Digital manufacturing systems are used to build 3D models from digital representations of the 3D models (e.g., STL format files) using one or more layer-based additive techniques. Examples of commercially available layer-based additive techniques include fused deposition modeling, ink jetting, selective laser sintering, electron-beam melting, and stereolithographic processes. For each of these techniques, the digital representation of the 3D model is initially sliced into multiple horizontal layers. For each sliced layer, a build path is then generated, which provides instructions for the particular digital manufacturing system to form the given layer. For deposition-based systems (e.g., fused deposition modeling and ink jetting), the build path defines the pattern for depositing roads of modeling material from a moveable deposition head to form the given layer. Alternatively, for energy-application systems (e.g., selective laser sintering, electron-beam melting, and stereolithographic processes), the build path defines the pattern for emitting energy from a moveable energy source (e.g., a laser) to form the given layer.

For example, in a fused deposition modeling system, modeling material is extruded from a moveable extrusion head, and is deposited as a sequence of roads on a substrate in an x-y plane based on the build path. The extruded modeling material fuses to previously deposited modeling material, and solidifies upon a drop in temperature. The position of the extrusion head relative to the substrate is then incremented along a z-axis (perpendicular to the x-y plane), and the process is then repeated to form a 3D model resembling the digital representation.

In fabricating 3D models by depositing layers of modeling materials, supporting layers or structures are typically built underneath overhanging regions of 3D models under construction, which are not supported by the modeling material itself. A support structure may be built utilizing the same deposition techniques by which the modeling material is deposited. The host computer generates additional geometry acting as a support structure for the overhanging or free-space segments of the 3D model being formed. The support material adheres to the modeling material during fabrication, and is removable from the completed 3D model when the build process is complete.

In many situations, designers may not have direct access to digital manufacturing systems, or may only require a limited number of 3D models to be manufactured. In these cases, it may be more efficient and cost effective for the designers to have professional manufacturers that are experts with the digital manufacturing systems to perform the work. For example, customers may submit their digital representations to a manufacturer of 3D models, and the manufacturer may build the 3D models using one or more digital manufacturing systems. After the build operations are complete, the manufacturer may then ship the resulting 3D models to the customers. While this provides an efficient and cost effective means for customers to attain built 3D models, many 3D models may be subject to potentially damaging conditions during packaging, storage, and/or shipping. This is particularly true for 3D models that contain fine features. Thus, there is an ongoing need for techniques that increase the safety of 3D models during storage and transit to customers.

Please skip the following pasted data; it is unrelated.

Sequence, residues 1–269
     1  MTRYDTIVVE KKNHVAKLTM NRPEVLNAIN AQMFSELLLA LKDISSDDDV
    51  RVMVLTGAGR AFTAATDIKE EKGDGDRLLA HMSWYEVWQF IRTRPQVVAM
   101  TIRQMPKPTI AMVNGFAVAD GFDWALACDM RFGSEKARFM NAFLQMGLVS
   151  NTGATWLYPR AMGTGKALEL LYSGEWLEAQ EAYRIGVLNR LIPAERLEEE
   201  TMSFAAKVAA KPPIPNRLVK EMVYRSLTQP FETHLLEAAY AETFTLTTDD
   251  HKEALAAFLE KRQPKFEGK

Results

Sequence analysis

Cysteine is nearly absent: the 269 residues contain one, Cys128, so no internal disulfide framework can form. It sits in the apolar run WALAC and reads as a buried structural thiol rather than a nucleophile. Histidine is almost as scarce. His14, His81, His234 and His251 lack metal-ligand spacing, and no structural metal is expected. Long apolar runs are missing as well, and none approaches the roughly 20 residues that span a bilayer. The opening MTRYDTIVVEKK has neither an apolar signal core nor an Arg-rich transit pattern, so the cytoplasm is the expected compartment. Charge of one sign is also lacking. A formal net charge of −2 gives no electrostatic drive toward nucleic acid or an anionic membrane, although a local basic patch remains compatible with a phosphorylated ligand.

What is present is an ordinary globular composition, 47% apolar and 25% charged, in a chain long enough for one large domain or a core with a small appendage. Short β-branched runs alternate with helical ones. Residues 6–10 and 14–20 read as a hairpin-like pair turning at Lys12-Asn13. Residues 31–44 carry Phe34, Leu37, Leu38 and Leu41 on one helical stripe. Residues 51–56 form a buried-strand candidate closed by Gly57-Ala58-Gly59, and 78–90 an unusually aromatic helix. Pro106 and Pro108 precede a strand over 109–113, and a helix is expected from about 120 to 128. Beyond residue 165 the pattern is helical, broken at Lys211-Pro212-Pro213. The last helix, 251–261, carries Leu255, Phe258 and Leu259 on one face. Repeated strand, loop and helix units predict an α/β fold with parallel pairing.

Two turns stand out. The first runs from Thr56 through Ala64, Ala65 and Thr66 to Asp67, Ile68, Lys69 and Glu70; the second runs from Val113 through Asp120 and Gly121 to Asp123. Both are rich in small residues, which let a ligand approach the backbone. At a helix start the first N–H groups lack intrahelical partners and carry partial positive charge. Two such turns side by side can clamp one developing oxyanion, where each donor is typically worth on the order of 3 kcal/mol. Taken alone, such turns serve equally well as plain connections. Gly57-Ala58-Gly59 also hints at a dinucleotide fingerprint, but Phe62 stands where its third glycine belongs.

SUMMARY

An aspect of the disclosure is directed to a three-dimensional object that includes at least one three-dimensional model and a support structure built using a layer-based additive technique, where the at least one three-dimensional model is at least partially encased in the support structure, and where the support structure functions as a shipping package for the at least one three-dimensional model.

Another aspect of the disclosure is directed to a method of building and using a support structure. The method includes building at least one three-dimensional model and a support structure using a layer-based additive technique such that the built support structure at least partially encases the at least one three-dimensional model. The method further includes shipping the at least one built three-dimensional model while at least partially encased in the built support structure.

A further aspect of the disclosure is directed to a method for providing a three-dimensional model to a customer based on a digital representation of the three-dimensional model. The method includes generating a first digital representation of a support structure based on at least one overhanging region of the digital representation of the three-dimensional model, generating a second digital representation of the support structure based on a predetermined offset value from at least one exterior surface of the digital representation of the three-dimensional model, and generating build data based at least in part on the digital representation of the three-dimensional model, the first digital representation of the support structure, and the second digital representation of the support structure. The method further includes building the three-dimensional model and the support structure with a digital manufacturing system based on the build data such that the built support structure at least partially encases the three-dimensional model, and shipping the built three-dimensional model while at least partially encased in the built support structure.

BRIEF DESCRIPTION OF THE DRAWINGS

FIG. 1 is a front schematic illustration of a digital manufacturing system for building a 3D model and support structure.